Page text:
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The drills are alive with sound of 11-on-11 scrimmages

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    Kamalu Umu, left, goes up against offensive tackle Austin Hansen.

There were position drills, an 11-on-11 scrimmage and a final chant of "WAC champs."

All that was missing from yesterday’s 90-minute football practice were the University of Hawaii coaches.

"As the older players, we have to take charge," said defensive tackle Vaughn Meatoga, a fourth-year junior who helps coordinate the Warriors’ players-only workouts.

The NCAA permits football teams to set up summer strength and conditioning programs for their players. But the coaches are prohibited from running football-related workouts.

More than 60 players participated in yesterday’s workout on UH’s grass practice field. The more experienced players – offensive tackles Austin Hansen and Laupepa Letuli, nickelback Richard Torres, quarterback Shane Austin, linebackers Mana Lolotai and Corey Paredes, and Meatoga – led the drills. In the 11-on-11 scrimmage, Torres called the defensive plays and made the substitutions.

"I like the energy of our practices," Letuli said. "I like how everyone is working hard. It’s good to have so many people working out."

UH is trying to rebuild an offensive line in which there will be new starters at four positions. Hansen and Letuli made sure to give extra reps to second-year freshman Chauncy Winchester-Makainai.

Winchester-Makainai, who practiced at tackle during spring training, is learning to play center in the absence of starter Matagisila Lefiti. Lefiti will miss all of training camp while recovering from foot surgery.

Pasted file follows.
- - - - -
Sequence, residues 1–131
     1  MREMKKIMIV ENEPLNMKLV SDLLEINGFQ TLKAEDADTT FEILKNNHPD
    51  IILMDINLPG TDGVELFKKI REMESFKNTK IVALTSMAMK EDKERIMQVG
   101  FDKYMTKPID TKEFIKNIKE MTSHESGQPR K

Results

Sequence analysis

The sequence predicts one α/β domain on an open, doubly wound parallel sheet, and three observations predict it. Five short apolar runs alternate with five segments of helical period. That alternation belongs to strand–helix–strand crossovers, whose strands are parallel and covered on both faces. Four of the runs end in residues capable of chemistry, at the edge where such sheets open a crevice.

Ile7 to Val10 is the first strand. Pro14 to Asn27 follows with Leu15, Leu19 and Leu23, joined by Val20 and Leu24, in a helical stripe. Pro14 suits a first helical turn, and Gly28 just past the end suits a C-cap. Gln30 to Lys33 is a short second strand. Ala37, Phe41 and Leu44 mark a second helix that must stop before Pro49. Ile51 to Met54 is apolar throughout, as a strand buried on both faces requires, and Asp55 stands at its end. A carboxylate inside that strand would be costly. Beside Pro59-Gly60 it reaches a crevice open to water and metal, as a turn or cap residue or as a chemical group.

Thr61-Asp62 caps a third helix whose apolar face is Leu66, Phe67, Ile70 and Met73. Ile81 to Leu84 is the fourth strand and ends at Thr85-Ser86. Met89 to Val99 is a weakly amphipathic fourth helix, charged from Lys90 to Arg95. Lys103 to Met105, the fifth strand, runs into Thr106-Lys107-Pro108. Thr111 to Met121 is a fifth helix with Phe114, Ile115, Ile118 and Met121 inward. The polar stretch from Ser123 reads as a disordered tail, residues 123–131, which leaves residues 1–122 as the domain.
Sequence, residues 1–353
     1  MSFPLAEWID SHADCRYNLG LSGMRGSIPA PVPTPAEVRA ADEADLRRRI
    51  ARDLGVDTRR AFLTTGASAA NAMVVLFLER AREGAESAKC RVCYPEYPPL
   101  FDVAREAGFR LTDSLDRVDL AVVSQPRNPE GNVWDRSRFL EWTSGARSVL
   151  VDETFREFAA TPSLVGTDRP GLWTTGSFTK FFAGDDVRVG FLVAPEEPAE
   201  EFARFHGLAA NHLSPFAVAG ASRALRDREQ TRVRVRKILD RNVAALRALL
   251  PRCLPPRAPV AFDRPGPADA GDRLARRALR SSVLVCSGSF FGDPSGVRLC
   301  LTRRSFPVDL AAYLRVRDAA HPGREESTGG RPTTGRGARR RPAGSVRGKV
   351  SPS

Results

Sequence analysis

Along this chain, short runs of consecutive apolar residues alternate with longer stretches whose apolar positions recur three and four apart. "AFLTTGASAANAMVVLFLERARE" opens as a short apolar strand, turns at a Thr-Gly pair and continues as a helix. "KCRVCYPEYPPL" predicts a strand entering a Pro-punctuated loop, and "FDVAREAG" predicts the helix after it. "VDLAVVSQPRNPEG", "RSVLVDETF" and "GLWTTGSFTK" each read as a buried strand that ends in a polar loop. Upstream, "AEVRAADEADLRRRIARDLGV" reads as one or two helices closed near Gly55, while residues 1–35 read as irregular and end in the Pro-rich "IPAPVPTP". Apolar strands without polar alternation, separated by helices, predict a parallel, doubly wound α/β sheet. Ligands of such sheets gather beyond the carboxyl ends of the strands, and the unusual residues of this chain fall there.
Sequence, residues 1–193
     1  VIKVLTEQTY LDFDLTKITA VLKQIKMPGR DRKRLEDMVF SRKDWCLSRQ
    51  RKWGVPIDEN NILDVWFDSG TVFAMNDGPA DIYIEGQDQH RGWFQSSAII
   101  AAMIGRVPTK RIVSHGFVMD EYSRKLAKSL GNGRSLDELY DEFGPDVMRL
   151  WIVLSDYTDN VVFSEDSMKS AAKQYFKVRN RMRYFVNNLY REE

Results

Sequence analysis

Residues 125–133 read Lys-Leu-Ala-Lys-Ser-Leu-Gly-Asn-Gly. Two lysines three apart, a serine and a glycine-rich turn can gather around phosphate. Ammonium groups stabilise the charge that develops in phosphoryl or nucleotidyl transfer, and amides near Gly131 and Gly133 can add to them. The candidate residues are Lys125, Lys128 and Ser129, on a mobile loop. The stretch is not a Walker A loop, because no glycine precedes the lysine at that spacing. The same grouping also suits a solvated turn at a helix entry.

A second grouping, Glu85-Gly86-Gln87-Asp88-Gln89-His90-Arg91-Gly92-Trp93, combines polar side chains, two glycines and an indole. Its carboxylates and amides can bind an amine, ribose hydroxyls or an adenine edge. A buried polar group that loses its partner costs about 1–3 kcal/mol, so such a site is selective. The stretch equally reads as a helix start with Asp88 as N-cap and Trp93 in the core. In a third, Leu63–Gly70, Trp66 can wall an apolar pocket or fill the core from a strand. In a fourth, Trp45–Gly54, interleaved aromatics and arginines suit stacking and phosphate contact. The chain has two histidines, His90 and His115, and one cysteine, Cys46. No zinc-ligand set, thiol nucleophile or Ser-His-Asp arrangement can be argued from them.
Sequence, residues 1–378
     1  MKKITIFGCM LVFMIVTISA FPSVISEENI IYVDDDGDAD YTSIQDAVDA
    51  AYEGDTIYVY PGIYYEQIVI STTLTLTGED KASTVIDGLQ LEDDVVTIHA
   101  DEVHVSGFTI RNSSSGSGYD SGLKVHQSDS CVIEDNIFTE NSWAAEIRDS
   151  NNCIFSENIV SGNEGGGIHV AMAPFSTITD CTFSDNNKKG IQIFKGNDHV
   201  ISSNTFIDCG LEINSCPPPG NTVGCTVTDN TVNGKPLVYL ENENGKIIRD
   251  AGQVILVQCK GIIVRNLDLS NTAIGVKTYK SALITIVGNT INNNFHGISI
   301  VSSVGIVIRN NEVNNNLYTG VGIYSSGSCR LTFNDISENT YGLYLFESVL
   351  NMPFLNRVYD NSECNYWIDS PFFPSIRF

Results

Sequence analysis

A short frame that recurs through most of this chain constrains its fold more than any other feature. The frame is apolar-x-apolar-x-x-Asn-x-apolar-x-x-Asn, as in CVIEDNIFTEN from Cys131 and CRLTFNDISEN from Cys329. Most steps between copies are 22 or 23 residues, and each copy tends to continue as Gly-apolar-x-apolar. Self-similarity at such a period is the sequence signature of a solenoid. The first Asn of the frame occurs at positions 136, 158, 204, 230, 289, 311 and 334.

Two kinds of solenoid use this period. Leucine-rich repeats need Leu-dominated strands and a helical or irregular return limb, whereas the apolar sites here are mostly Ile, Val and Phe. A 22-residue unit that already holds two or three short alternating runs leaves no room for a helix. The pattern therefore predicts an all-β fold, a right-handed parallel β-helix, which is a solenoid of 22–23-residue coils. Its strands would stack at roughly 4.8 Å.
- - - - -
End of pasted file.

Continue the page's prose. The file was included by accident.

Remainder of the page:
"It’s good for me to learn a lot of positions," Winchester-Makainai said. "If somebody gets hurt, the coach can throw me in there."

David Lefotu, a heralded offensive lineman from Pearl City High, was admittedly anxious when he began training with the Warriors.

"The pressure was a lot to handle," said Lefotu, who is 6-foot-3 and 300 pounds. "The older brothers on the team helped calm me down. They said, ‘All you can do is put in your hard work and have faith. If you put in hard work, nothing can go wrong.’"

Defensive end Beau Yap, the state’s co-Defensive Player of the Year as a Kamehameha Schools senior last year, also has made a smooth transition. He had a sack during the scrimmage.

"Vaughn (Meatoga) is a fellow Kamehameha alum, and he and Liko (Satele) and Haku (Correa) took me in," Yap said. "They gave me help whenever I needed help."

Meatoga said: "Beau’s really a hard worker. He’s really strong for a freshman. I respect guys who work hard, and he works hard. He has my respect."

Yap signed a letter of intent with UH in February, then spent the next few months improving his strength and stamina. He said he has gained 20 pounds and now weighs 250.

"This is a different level of play," Yap said. "I have to push myself all of the time. It’s a lot of weights and a lot of training. I’m trying to better myself."

Meatoga praised Tommy Heffernan, UH’s strength and conditioning coach. Heffernan, UH’s only full-time strength coach, is in charge of the football conditioning program, succeeding Mel deLaura, who now works at Southern Methodist University.

"Coach Tommy really got us going," Meatoga said. "Everybody respects him. Coach Tommy demands a lot of respect because he gives a lot of respect. When he says ‘jump,’ we jump."


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